Students and shopkeepers finalize work as the WIR’ED initiative nears completion
CLEVELAND – Nick Semertsidis knows his way around technology. As a restaurant owner, Semertsidis wears a lot of hats. But he also knows the value of good work when he sees it, and he knew the COVID-19 pandemic and resulting shutdown would present a unique set of challenges for shopkeepers like him.
That’s why Semertsidis, owner of Gus’s Old Brooklyn Family Restaurant, applied for a spot in the WIR’ED initiative, a program pairing students and marketing professionals with business owners to improve the businesses’ online presence during the COVID-19 pandemic.
Conceived in March 2020 by NeoSTEM, with support from others, WIR’ED seeks to respond to the needs of brick-and-mortar businesses with little or no online presence struggling to operate in the increasingly socially distanced and online world triggered by the COVID-19 pandemic. WIR’ED teams gathered online each week from January through March to discuss their work, learn new skills, and utilize content creation tools.
With the help of his team – Stacy Hernandez, a student at Garrett Morgan School of Engineering & Innovation, and Kimberly Rodriguez, a student at Facing History New Tech High School, Arianette Roman-Nunez, a student at Garrett Morgan, and Siddhartha Sen, an operations research analyst for the Veale Foundation – Semertsidis developed new social media content to promote the restaurant. And Semertsidis loved his team.
“I think this is an incredible project that we did,” Semertsidis said. “The team did a great job keeping up with my crazy schedule, and I’m very proud of how they kept up on things. They definitely opened my eyes to a lot of things in regards to technology. And I think they were able to learn some of the things I was able to teach them as well.”
The students paired with Semertsidis were no less excited about their work.
“Working together in a group, we learned so much from each other, and we did so much together,” Sutton said.
Roman-Nunez echoed Sutton’s sentiment.
“I learned how to be patient and persevere,” Roman-Nunez said. “As a business owner, they have many things going on at one time. And basically, we’re here to make them busy. The program opened my eyes to how business work and how they run.”
Semertsidis said he hopes his team keeps up its work, even though the program has ended. “I’m hoping to work with them again in the future on things, and if I can help them in any way, I’d love to be able to do that as well,” he said.
Excitement was common among the shopkeepers who participated in the initiative.
Constance Ewasen, president of the Historical Society of Old Brooklyn, said of Ryckia Sutton, her team’s leader, “She’s a very bright young lady, and she’s very able to work with different people of all ages.”
Sutton, a student at the Cleveland School of Science and Medicine, developed a new logo for the historical society and helped Ewasen begin to move its collection online.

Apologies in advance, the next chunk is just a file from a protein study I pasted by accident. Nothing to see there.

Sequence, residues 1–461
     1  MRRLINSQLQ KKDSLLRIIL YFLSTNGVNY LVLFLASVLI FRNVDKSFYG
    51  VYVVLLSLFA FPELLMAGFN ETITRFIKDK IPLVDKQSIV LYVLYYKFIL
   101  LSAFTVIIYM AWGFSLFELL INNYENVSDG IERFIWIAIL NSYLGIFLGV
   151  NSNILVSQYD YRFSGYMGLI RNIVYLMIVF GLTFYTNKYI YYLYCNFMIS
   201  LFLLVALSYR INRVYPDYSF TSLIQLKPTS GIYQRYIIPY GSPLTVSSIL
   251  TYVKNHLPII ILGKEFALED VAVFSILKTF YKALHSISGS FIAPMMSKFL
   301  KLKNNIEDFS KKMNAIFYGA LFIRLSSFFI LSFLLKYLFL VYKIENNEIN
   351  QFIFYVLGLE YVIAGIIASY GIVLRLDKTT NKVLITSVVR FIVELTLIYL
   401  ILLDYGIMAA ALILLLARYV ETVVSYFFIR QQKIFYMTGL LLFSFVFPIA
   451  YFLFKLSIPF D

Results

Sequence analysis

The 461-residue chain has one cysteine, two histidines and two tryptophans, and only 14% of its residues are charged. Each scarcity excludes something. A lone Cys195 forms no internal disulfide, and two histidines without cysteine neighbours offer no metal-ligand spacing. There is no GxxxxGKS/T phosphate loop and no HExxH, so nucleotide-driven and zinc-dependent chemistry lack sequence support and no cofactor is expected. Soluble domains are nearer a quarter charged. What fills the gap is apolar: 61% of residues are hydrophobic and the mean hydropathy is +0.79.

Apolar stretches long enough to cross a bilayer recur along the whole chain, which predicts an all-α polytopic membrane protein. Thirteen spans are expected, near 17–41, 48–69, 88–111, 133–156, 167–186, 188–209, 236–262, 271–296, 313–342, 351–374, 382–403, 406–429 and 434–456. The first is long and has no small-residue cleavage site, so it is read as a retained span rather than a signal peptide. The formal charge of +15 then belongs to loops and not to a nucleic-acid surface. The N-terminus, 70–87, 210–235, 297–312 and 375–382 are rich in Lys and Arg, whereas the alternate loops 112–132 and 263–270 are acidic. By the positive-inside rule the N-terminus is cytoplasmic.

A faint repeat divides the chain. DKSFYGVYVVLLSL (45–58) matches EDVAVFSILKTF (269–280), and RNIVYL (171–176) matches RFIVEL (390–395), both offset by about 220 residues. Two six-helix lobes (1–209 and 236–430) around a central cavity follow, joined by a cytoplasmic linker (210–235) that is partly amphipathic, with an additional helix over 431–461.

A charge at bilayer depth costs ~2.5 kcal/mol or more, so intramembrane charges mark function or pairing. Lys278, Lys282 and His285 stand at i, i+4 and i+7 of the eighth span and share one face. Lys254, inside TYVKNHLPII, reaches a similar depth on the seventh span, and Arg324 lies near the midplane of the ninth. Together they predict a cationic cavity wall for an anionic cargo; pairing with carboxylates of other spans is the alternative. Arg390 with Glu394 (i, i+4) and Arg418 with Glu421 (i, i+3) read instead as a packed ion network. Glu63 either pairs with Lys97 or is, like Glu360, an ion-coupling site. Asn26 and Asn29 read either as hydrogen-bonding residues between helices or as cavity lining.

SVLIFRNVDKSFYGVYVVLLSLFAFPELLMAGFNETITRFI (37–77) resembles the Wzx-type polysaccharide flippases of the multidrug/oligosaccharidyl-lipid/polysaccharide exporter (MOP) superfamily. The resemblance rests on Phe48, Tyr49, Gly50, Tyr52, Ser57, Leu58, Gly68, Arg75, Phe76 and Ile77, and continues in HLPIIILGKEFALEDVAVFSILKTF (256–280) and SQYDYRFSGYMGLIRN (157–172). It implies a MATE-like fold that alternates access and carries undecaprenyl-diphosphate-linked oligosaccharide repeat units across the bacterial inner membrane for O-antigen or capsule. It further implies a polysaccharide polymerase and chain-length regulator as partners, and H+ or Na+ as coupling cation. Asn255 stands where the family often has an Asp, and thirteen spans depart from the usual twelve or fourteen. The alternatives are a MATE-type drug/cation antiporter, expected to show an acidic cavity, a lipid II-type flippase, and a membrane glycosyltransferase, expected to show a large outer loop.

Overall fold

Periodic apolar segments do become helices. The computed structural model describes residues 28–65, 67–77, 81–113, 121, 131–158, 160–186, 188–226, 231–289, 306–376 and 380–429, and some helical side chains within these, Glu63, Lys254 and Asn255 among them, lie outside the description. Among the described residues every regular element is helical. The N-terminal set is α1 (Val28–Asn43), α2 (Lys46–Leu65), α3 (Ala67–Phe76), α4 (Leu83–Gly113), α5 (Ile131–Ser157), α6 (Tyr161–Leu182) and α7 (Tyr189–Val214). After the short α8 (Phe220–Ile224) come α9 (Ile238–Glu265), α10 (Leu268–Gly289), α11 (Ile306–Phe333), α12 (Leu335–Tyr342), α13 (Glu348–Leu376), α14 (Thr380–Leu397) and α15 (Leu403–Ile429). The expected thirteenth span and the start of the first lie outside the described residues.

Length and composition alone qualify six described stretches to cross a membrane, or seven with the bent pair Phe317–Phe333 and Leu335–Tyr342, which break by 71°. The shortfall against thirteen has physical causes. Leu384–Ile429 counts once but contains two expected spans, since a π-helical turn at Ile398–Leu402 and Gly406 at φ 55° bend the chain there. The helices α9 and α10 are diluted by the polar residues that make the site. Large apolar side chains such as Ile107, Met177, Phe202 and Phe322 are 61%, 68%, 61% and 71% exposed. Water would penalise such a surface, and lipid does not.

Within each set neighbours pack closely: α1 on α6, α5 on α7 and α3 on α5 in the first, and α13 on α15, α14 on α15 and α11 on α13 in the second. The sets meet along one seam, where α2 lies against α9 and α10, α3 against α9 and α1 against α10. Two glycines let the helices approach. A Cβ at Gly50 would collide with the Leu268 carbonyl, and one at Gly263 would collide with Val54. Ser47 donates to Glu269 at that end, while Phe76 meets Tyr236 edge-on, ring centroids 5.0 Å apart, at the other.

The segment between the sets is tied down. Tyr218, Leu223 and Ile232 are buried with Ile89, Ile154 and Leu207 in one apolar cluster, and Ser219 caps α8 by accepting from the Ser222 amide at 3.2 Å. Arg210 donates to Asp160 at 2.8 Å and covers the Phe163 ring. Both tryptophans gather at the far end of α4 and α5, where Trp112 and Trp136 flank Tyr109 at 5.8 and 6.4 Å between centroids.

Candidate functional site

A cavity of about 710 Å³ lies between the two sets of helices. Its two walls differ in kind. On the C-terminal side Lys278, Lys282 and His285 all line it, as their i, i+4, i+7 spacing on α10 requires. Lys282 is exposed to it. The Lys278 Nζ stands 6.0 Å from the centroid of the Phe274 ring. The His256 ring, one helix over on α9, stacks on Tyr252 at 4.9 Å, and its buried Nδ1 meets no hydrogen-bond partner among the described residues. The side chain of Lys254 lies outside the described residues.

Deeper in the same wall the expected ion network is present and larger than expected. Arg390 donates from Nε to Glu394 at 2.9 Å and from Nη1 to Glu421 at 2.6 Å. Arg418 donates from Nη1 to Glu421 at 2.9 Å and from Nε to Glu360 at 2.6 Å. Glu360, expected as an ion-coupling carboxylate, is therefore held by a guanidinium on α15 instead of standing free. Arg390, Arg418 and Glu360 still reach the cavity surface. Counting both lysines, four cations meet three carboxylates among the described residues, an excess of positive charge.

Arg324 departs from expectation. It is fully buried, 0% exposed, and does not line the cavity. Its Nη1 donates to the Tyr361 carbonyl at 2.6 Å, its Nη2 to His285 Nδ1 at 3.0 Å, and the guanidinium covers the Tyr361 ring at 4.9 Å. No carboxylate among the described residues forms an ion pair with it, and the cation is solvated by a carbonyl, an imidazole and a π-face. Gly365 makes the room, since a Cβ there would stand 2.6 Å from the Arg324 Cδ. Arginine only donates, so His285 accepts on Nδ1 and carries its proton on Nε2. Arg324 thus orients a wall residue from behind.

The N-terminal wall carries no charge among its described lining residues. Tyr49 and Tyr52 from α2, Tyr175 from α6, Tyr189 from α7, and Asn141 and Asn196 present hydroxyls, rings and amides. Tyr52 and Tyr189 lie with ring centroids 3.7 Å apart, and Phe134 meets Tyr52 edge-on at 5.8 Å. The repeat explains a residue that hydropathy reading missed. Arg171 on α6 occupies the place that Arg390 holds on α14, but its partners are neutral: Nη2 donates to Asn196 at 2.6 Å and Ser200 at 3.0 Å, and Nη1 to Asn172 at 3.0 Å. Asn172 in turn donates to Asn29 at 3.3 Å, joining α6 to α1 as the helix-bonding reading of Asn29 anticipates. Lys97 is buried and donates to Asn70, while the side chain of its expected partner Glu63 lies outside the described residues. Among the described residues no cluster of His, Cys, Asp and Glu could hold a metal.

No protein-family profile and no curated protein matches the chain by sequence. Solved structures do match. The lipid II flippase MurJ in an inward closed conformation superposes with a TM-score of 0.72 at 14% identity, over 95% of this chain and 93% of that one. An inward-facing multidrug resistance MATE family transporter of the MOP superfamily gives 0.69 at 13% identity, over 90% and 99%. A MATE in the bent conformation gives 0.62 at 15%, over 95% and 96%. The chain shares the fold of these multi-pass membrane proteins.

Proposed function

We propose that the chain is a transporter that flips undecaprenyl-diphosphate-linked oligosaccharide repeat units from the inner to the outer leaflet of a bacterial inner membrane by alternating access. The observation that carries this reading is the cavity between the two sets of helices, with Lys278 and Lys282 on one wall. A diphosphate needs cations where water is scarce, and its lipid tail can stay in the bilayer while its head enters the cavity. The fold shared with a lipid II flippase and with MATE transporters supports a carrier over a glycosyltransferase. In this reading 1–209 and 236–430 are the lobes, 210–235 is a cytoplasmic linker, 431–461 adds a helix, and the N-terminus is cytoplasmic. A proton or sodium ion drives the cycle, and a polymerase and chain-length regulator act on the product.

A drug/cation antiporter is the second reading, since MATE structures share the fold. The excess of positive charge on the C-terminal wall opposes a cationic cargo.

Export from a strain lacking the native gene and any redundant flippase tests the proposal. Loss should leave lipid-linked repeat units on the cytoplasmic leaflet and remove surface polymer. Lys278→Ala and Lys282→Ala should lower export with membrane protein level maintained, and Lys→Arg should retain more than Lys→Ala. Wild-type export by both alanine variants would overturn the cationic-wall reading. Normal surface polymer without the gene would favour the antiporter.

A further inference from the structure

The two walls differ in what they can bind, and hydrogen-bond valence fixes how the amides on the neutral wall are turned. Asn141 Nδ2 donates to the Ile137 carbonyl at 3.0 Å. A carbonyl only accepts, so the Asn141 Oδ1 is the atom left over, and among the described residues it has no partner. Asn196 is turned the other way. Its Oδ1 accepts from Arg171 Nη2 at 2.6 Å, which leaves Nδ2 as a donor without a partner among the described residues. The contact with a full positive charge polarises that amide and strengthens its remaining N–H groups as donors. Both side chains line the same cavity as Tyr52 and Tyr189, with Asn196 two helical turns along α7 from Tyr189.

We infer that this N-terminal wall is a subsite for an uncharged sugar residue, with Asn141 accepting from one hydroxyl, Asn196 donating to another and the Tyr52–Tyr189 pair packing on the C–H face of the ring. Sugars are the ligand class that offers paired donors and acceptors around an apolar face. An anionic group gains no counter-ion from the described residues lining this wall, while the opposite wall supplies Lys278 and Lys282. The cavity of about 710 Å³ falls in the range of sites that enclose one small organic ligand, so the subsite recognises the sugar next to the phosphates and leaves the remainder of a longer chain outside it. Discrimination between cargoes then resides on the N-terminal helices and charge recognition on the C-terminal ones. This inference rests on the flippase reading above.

“[Sutton] created something that’s really awesome,” Ewasen said. “I just wish there were more people like her. I wonder how we could get more young people involved in doing something like this – 10 more Ryckias, that’s what we need.”
|New Experiences, New Voices: Students Describe Experiences in WIR’ED|
|“I learned how to be more patient.”
~ Jalecia Claytor, Shaw High School
|“I learned that people tend to think that businesses don’t do a lot, but if you work with them, you figure out that they have a lot of things they have to do. You have to be patient, and work with other people’s schedules, and you have to get work done when it needs to be done.”
~ Shiane Clark, James Ford Rhodes High School
|“The experience was fun for me because I didn’t really know much about the program, and learning about it was pretty cool. Using Canva was very eye-opening for me, because I never used it before. And working with [my teammate] was an amazing thing, too. She was an amazing partner.”
~ Nevaeh Hagens, Shaw High School
|“I’ve learned a lot through this program. A big thing that I learned was how to ask questions. I definitely learned how to ask questions when you’re interviewing.”
~ Kayla Brown, Facing History New Tech High School
|“The first thing that I learned, that this has helped to clarify for me, is that I want business to be a part of my life.” “I learned I can use my creative mind, how to use my creative self.” ‘It’s good to share ideas with people.”
~ Moises Tuyas, Cleveland School of the Arts
“Joining this program taught me so much. Be patient. Get your work done on time. Just be there for each other and work together in order for it to work out for you, and keep on trying, and don’t give up. From here on out, I want to focus on graduating and getting a new place for me and my kid. But this [business ownership] is what I want to do.”
~ Halima Mohamed, Lincoln-West School of Science and Health
WIR’ED’s first pilot program ran in Spring 2020, to great success, and its second pilot program has now concluded. NeoSTEM ecosystem partners will continue to expand the program with a third pilot in Summer and Fall 2021. By harnessing the talent of northeast Ohio’s students for the benefit of its businesses, WIR’ED continues to provide sustainable solutions to the problems it faces.
For more information, contact Alyssa Lenhoff-Briggs at email@example.com.